Is your campus interested in getting involved with CCHD to alleviate poverty in your community? ACCU can help facilitate partnerships with CCHD groups, which offer the occasion for students to participate in advocacy, volunteering, service learning, and other educational experiences. To learn more about this opportunity, visit our webpage.

Andrea Price is a graduate student at Georgetown University and the Peace and Justice Intern at the Association of Catholic Colleges and Universities.

Ending Extreme Poverty Now: Working Together with the Poor

In recognition of Pope Francis’ call to address poverty in new and substantive ways, and in solidarity with those suffering in poverty across the globe, various Catholic organizations are co-sponsoring a conference on “Ending Extreme Poverty Now,” taking place on Tuesday, April 28, at The Catholic University of America in Washington, DC. The conference is sponsored by the Institute for Policy Research & Catholic Studies (CUA), United States Conference of Catholic Bishops, Catholic Relief Services, Catholic Charities USA, U.S. Agency for International Development, and the Africa Faith & Justice Network.

This conference will engage on the vital topic of so many living in extreme poverty worldwide – including millions here in the United States. Sponsors will share the perspective of agencies serving those in extreme poverty in local communities nationwide. Featured keynote addresses include the Apostolic Nuncio to the United Nations and the assistant administrator from USAID. The conference is free and open to the public, and will be held at the Catholic University of America on Tuesday April 28, 4-6:30 p.m. For more information and to reserve your place, click here.

Join us in person or via live stream (available on the day of the event) here, or check out details on ACCU’s calendar.

Courageous Voices: Considering a New Perspective

The Catholic University Institute of Buea, Cameroon, graduated its first class in December 2014. CUIB, which calls itself “The Entrepreneurial University,” prepares graduates to be job creators, not just job seekers. Its aim is to train young Cameroonians to be Christian business leaders who will begin their own business in the region, thereby directly addressing – and helping solve – the problems of unemployment and poverty in Cameroon.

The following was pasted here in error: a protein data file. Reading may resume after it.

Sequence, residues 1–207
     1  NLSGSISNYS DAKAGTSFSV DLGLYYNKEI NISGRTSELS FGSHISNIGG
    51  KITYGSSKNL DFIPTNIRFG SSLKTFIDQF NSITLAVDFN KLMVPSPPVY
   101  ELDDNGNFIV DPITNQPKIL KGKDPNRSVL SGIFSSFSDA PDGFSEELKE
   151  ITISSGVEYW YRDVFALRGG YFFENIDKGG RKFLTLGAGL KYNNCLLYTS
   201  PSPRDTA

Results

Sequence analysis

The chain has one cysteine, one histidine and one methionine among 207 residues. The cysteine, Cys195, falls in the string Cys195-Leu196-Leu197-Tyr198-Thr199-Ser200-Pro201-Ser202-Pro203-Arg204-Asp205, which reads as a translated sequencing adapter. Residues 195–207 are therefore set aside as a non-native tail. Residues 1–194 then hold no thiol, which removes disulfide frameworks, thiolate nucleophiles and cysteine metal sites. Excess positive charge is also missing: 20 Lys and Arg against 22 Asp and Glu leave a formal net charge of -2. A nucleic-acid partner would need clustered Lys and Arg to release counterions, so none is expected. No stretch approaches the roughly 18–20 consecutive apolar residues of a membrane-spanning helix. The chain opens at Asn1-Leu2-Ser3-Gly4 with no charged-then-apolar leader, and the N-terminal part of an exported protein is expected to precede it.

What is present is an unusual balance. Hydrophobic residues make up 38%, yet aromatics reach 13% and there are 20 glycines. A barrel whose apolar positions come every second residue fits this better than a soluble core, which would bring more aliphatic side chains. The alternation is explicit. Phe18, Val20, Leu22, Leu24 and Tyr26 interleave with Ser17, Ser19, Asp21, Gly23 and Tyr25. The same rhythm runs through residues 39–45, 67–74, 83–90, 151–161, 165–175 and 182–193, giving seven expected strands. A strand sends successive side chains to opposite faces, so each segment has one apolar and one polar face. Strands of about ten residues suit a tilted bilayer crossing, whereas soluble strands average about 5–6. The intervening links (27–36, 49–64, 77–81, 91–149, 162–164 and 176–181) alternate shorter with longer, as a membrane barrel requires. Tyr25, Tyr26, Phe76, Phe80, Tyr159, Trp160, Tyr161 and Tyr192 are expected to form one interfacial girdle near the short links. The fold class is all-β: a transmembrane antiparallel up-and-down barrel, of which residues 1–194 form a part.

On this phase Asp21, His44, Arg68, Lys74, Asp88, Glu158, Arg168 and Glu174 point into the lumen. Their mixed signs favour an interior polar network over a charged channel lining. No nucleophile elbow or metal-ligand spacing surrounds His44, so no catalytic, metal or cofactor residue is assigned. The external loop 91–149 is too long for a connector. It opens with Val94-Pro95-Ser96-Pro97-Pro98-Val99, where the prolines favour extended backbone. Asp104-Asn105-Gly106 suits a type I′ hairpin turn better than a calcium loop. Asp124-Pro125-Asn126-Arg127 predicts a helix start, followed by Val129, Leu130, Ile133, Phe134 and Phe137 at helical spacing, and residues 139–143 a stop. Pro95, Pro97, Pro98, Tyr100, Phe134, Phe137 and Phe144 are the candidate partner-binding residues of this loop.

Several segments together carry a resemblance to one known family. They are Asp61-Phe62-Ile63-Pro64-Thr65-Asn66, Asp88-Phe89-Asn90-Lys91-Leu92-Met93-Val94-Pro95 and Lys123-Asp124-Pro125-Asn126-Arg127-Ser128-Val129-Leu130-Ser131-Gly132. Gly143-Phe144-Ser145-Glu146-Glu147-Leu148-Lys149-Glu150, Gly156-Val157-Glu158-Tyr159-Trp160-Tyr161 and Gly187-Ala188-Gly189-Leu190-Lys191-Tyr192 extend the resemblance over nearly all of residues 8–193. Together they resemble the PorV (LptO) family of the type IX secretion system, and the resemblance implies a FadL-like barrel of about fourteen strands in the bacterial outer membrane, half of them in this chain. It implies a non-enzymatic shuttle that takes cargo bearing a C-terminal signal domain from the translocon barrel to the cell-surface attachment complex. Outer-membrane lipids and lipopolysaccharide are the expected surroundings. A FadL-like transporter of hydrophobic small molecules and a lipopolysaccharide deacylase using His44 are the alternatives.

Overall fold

Over the next few weeks, we will continue to release short stories about the courageous voices of our member colleges and universities.  Stay tuned to hear about how students, faculty, and staff are responding to Pope Francis’s call to social justice and a culture of encounter.  If you are still curious about how Catholic colleges and universities are promoting social justice on campus, read the original blog post on the Courageous Voices series, or check out ACCU’s inventory of promising practices, which includes many examples of our members engaging with Catholic Social Teaching.

Modern Leprosy: Our Catholic Call to Fight Ebola

Modern Leprosy: Our Catholic Call to Fight Ebola

By Andrea Price

At first glance, the current Ebola crisis may look like simply an international health or medical issue. Go deeper than the surface, however, and the intricacies of the problem reveal a social justice issue with systemic roots.

The Ebola epidemic shows no sign of abatement, with the most vulnerable populations continuing to suffer – mostly in Guinea, Liberia, Sierra Leone, Mali, Nigeria, and Senegal. Bishop Richard Pates, the Chair of the U.S. Conference of Catholic Bishops Committee on International Justice and Peace, and Catholic Relief Services president Dr. Carolyn Woo recently wrote a letter to the U.S. National Security Advisor addressing the Ebola epidemic and urging the United States to make “a long-term commitment to resolving the underlying problem of the severe lack of capacity and resilience in the health systems of the affected countries. Even after the Ebola outbreak is contained, donors will need to help reinforce, if not rebuild, health systems to prevent future outbreaks.” By making systemic connections to the underlying problems that the Ebola crisis has revealed, Bishop Pates and Dr. Woo mark it as a social justice issue.

U.S. reaction to Ebola demonstrates an extreme case of “othering” of victims in foreign countries.  While media coverage of Ebola explodes whenever a suspected victim is identified in our own country, interest in the well-being of those in other countries can be weak. As Christians, we are called to be concerned with all our neighbors, including those in the affected countries in Africa. Consider the statistics: Guinea, Liberia, and Sierra Leone have recorded 15,113 cases of the disease, resulting in 5,406 deaths, according to the World Health Organization. Catholics should strive to show active concern for all members of our one human family.